I got some intesting e-mail in response to last Wednesday’s column, in which I asked the semantic question “What is a ‘Jew’?”
A couple people have asked me if I can find any hard data to back up my idea that religiously observant Jews might be more conservative in their voting than ethnically Jewish atheists.
The answer is no, which is why I only said that I “suspect” that there might be such a pattern. It’s easy to find data on the voting patterns of church-going and non-church-going Americans as a whole, but I haven’t been able to find any good data on the voting patterns of synagogue-going vs non-synagogue-going ethnically Jewish Americans.
All I can offer to support my theory, for what it is worth, is anecdotal evidence.
While the great majority of self-identified Jews vote Democrat and consider themselves liberal, it is easy to find conservative, Republican-leaning columnists and pundits who are ethnically and religiously Jewish.
Rabbi Daniel Lapin, for example, is actually a Jewish Rabbi here in the Seattle area. His columns and talk radio appearances make it quite obvious that his political beliefs are right of center.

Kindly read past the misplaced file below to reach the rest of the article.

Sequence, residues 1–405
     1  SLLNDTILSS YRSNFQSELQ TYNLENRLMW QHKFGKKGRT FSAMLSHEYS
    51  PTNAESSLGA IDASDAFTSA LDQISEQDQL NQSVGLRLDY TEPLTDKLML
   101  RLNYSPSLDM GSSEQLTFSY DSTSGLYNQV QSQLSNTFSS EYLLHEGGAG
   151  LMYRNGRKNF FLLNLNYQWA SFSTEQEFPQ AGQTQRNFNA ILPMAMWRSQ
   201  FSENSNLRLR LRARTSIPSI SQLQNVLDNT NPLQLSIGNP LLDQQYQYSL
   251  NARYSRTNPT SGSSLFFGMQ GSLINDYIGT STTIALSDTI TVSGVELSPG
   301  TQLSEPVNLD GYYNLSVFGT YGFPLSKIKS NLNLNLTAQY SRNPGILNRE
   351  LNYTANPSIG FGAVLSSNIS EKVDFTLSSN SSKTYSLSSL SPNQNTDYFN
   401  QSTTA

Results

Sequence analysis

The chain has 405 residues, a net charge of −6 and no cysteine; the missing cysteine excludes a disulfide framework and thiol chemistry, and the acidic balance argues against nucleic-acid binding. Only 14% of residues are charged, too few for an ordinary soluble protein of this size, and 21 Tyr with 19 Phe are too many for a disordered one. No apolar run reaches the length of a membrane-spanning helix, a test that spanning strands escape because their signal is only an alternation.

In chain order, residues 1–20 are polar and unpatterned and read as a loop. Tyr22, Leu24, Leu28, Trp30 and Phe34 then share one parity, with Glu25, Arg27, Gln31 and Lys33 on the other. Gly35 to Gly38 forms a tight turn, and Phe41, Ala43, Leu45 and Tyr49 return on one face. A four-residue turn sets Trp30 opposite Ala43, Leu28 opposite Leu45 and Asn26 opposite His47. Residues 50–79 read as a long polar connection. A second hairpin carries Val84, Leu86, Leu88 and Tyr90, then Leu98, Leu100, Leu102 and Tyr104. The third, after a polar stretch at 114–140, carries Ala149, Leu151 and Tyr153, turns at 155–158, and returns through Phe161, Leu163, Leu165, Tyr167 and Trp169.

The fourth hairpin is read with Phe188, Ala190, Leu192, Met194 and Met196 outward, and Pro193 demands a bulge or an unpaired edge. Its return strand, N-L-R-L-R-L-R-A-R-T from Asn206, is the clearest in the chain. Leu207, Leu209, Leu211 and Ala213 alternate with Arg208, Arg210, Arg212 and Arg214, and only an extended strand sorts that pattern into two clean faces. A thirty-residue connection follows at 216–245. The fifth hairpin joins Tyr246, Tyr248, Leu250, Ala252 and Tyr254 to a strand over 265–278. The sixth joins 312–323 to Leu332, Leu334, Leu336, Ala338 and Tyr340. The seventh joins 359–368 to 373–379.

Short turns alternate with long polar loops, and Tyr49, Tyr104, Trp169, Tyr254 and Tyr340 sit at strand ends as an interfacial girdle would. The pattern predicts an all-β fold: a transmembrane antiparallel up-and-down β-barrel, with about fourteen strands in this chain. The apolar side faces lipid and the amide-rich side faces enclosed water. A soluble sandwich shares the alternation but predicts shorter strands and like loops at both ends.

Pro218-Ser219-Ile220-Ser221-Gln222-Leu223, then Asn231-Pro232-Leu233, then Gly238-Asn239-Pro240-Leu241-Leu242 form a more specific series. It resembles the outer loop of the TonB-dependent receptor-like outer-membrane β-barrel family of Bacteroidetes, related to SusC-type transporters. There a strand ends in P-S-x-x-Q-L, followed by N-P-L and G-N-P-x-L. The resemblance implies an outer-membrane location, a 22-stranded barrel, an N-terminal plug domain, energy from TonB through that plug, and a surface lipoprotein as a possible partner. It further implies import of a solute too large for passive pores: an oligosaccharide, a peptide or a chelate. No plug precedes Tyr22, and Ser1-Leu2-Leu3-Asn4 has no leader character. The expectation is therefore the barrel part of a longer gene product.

Nationally syndicated talk show host Michael Medved makes no secret of his religious devotion, in fact he has said that his religious re-awakening was a major factor in his switch from liberal to conservative politics.
Speaking of voting patterns, columnist Bruce Bialosky has written a recent column arguing that his fellow Jews should be more willing to vote Republican.
Michael Brown, Jeff Jacoby, Dennis Prager, and Jonah Goldberg are all very conservative.
It would be interesting to see someone do a survey on voting and religion among ethnic Jews. Until proven wrong I will continue to think it likely that many if not most religiously devout American Jews are right of center.